Sailing the Great Lakes was Wonderful Aboard The City of Grand Rapids
The City of Grand Rapids was already well established in Michigan, and soon to grow to become the second largest city in the state of Michigan. But, here is another piece of history you probably didn't know. There was another City of Grand Rapids, on the Great Lakes, and she was equally as Grand!
She was a Steamship, CITY OF GRAND RAPIDS, and she sailed the Great Lakes. Back in her day, she was called the First Lady of the Great Lakes because she was the most luxurious of the passenger vessels on the Great Lakes.
The City of Grand Rapids Great Lakes Steamship
Built in 1912, her 4-decks carried passengers around the Great Lakes for decades. The City of Grand Rapids sailed the Great Lakes until 1951 when lack of interest of Great Lakes sailing, age and newer ships took her place, and she was sold for scrap. Sad.
Actually, sailing the Great Lakes probably began way back in 1844 when ships carried passengers and cargo around to ports. It was in the 1900s the more luxurious ships were built for the growing passenger and cruising business took off.
Northern Michigan wasn't really accessible except by the passenger ships. In the late 19th century, many early tourists arrived at Northern Michigan resort areas via a Lake Michigan steamship. Chicago to Harbor Springs was a popular trip for many passengers.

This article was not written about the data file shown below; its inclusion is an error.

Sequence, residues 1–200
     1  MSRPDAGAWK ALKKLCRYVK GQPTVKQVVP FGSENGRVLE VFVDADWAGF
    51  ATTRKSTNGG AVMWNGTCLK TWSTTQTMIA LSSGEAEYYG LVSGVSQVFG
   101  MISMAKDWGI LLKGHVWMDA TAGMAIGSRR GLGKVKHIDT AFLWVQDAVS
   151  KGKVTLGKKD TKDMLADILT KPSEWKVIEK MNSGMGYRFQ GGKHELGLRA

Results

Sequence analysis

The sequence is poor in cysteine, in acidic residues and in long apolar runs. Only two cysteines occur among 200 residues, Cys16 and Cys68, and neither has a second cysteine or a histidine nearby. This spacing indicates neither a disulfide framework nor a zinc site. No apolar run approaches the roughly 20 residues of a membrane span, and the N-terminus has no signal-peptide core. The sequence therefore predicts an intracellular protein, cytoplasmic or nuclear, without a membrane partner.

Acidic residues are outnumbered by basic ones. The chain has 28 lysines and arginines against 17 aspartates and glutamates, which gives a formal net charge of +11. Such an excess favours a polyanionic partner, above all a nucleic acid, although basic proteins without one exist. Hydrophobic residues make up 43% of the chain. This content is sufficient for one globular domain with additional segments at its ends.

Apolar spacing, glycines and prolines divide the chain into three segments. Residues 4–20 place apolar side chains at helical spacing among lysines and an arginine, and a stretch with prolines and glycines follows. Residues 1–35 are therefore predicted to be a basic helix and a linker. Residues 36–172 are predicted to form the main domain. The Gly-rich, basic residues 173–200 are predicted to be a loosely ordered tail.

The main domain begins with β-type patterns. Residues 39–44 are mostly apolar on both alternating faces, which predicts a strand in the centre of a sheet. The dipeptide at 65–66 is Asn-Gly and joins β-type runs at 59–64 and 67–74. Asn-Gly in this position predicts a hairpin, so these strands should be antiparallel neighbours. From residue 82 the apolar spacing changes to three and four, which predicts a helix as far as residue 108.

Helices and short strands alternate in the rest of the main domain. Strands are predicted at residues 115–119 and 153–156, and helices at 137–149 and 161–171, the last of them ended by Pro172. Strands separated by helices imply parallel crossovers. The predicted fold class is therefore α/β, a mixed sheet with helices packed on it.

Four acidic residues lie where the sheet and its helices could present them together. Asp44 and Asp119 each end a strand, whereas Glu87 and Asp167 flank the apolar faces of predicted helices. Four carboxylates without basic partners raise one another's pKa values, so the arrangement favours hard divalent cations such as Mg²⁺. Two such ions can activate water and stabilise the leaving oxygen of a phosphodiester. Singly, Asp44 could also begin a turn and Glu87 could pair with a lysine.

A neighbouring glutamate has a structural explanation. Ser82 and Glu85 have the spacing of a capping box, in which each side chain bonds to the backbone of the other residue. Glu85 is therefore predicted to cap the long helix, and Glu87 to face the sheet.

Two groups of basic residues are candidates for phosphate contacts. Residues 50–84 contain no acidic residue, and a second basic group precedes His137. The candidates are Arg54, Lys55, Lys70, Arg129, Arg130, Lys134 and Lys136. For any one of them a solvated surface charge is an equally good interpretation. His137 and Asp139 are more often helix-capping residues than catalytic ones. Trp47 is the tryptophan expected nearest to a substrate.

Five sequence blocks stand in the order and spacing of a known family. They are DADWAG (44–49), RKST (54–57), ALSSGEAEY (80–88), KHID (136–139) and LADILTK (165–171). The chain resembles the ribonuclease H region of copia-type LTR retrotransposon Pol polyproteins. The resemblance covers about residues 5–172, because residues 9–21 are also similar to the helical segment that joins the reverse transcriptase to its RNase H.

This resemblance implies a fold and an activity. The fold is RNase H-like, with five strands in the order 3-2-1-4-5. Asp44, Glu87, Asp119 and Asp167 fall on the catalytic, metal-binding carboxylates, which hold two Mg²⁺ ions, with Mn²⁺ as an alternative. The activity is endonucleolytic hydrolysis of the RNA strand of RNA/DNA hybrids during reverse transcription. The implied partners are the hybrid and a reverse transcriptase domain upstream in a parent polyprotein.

Grand Salon on the City of Detroit Great Lakes Steamer
It was pretty luxurious on these ships, too. Can't you just picture the period between 1910 and 1931, when crowds would gather at the Glen Haven docks on Saturdays and Sundays. Wikipedia says, motorcoaches awaited newly arriving resort guests while many summer home residents rode to the docks to meet husbands or fathers arriving from Chicago.
We all know that Ernest Hemingway spent the majority of his first 22 summers in Northern Michigan, around Petoskey. He often traveled by steamer from Chicago to Harbor Springs. Hey, maybe he sailed on The City of Grand Rapids.
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